Courtesy PhotoBike bump

Courtesy PhotoBike bump

Caltrain’s new bike-bump form aims to inform cyclists when trains are full

Caltrain has rolled out some online tools to enable cyclists to alert the transit agency and fellow bike commuters any time a train is at full bike capacity and they are denied boarding. And that capacity will eventually increase, because the agency has purchased several additional bike cars that it plans to press into service.

The mobile-friendly bike-bump form allows users to file reports that include the train departure time, date, station, train number, destination and direction associated with each incident. And each time a rider submits a report, a tweet is automatically generated to help other bike commuters anticipate which trains might not have room for their bikes.

The bike-bump form was created at the request of cycling advocates, including the San Francisco Bike Coalition, who had already been keeping their own records on when and how often cyclists have been denied boarding, said Tasha Bartholomew, a Caltrain spokeswoman.

Data collected from the form will enable Caltrain to track trends and notice whether specific trains, locations or times are more likely to be associated with boarding denials, Bartholomew said, and the information will also be made available to members of the agency’s Bicycle Advisory Committee.

Each train in the system is typically made up of five cars, Bartholomew said, with two cars per train being specialized bike cars. On the older Gallery trains, this translates into 80 slots for bikes, while the newer Bombardier trains currently have just 48 bike spaces.

That will change, however, when Caltrain begins to operate Bombardiers that have three bike cars instead of two. The added capacity will come from bike cars that Caltrain recently purchased from Southern California’s Metrolink agency, Bartholomew said, and the result will be Bombardier trains that have a total of 72 bike slots each.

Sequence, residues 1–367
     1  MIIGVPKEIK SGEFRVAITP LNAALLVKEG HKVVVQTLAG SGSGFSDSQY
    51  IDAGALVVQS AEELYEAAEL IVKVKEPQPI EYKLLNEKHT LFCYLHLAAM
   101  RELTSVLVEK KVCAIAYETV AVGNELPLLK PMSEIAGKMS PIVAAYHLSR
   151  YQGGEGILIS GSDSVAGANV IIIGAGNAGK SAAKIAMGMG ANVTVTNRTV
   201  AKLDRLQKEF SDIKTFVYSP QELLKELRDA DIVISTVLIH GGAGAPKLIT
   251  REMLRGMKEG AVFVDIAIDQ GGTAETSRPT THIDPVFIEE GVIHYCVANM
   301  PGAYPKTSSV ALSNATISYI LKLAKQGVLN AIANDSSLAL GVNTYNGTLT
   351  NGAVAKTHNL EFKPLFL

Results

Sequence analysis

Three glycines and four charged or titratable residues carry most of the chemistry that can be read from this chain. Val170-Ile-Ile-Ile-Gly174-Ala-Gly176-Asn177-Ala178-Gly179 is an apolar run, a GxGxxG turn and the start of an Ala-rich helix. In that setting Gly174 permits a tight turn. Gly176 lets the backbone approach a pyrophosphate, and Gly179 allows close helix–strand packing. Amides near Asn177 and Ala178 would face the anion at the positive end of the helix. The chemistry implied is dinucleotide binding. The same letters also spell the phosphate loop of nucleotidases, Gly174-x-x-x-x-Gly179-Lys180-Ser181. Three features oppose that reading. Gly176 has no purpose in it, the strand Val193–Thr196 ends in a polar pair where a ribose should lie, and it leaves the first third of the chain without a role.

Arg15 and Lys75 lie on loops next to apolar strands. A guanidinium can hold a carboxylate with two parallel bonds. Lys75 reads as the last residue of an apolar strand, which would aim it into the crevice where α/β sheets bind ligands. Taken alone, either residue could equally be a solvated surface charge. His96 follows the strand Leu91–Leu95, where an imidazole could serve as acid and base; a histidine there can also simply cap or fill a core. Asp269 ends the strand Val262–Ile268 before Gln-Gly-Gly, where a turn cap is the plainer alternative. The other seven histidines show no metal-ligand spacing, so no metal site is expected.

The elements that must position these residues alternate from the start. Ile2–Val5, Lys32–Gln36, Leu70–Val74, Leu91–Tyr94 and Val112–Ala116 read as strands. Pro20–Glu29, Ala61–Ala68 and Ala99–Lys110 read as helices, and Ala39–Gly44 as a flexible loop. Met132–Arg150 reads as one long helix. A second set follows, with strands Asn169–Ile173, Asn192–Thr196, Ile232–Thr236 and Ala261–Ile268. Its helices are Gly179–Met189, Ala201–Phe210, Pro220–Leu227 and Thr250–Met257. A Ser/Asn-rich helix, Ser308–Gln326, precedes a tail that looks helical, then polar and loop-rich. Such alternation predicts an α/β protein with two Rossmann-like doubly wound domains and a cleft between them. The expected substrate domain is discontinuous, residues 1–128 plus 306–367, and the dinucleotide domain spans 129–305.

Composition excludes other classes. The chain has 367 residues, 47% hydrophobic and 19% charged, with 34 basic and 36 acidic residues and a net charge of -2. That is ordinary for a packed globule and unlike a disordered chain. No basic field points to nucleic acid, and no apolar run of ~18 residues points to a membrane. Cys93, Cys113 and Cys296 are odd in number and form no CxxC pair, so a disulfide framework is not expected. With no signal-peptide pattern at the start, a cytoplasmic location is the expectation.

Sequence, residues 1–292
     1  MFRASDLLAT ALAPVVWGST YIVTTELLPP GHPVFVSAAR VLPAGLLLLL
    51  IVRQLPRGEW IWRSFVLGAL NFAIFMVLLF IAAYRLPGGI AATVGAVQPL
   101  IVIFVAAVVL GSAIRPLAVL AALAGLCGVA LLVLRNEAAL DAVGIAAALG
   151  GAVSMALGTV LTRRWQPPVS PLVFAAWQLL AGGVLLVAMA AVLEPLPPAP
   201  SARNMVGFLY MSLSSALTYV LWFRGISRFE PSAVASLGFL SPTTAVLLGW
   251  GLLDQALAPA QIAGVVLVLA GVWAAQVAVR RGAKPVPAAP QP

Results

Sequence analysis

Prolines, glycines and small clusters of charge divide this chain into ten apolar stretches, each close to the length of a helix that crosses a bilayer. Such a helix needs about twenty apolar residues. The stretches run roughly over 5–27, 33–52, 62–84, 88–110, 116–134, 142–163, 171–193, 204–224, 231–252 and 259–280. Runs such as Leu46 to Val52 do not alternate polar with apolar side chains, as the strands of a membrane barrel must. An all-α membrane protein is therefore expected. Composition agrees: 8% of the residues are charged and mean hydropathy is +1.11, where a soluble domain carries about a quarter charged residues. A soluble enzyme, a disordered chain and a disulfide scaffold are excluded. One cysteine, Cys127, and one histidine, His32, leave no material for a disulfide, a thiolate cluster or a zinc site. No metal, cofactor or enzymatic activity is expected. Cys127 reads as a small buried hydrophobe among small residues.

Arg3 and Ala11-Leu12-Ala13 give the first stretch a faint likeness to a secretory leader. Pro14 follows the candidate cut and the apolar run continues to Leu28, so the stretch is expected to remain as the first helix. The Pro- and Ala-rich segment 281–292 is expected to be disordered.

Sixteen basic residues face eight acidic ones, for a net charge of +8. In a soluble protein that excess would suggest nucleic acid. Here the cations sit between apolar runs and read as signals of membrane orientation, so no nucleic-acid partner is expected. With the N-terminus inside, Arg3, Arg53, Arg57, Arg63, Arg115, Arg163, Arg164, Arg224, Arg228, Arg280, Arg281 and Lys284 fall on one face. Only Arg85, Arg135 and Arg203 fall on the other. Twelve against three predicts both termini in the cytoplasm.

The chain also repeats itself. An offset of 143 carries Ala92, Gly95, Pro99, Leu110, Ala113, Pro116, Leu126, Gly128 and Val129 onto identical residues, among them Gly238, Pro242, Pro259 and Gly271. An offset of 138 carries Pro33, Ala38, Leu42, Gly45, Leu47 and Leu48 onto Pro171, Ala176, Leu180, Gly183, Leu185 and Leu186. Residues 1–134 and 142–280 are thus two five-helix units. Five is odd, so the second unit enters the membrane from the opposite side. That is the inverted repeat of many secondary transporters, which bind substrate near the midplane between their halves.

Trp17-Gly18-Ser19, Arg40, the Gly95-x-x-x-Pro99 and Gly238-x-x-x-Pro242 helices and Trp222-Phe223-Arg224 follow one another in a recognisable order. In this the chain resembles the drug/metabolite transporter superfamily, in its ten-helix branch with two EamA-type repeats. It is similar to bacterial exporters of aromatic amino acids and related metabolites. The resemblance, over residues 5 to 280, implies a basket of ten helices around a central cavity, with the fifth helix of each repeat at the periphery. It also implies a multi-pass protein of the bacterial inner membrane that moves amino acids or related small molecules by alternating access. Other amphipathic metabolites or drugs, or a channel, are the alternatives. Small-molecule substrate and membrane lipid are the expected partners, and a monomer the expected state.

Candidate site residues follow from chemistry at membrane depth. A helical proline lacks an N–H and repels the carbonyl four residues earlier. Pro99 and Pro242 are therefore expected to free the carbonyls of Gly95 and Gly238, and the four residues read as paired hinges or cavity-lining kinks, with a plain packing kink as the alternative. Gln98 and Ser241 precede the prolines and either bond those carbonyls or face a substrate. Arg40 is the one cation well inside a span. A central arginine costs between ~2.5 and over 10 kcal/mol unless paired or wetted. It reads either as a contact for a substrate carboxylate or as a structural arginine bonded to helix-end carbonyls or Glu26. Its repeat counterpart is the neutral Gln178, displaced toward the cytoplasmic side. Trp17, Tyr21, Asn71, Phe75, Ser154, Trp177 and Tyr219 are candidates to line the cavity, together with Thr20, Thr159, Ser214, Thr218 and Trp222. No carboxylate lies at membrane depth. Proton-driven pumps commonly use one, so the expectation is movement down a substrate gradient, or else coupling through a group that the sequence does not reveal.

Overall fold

Caltrain bought a total of 16 used cars from Metrolink, of which six are bike cars. It made no sense to buy brand new diesel train equipment because the system will be converted to mostly electric-powered trains by 2020, Bartholomew said.

None of the bike commuters recently approached by The San Francisco Examiner at Caltrain’s Millbrae station were aware of the new bike-bump form, but they all expressed favorable opinions.

As Adam Beshears waited to load his bike onto a southbound train, he noted that traffic problems are only getting worse in the Bay Area, and he expressed hope that encouraging bicycle use might alleviate some of the congestion.

“I think it’s great that they’re making it easier for bikers to commute,” Beshears said.

Yong Sheng, a bike commuter who works in San Francisco and lives in Foster City, said he had been denied boarding “a couple of times” in the past year, but that it was not a very frequent occurrence. And he noted that cyclists are more likely to be bumped from the Baby Bullet and Limited than from local trains that make more frequent stops.

Bike commuters wishing to submit bike-bump reports can do so at To receive notifications of bike bumps, follow Caltrain’s dedicated bike-bump Twitter account at

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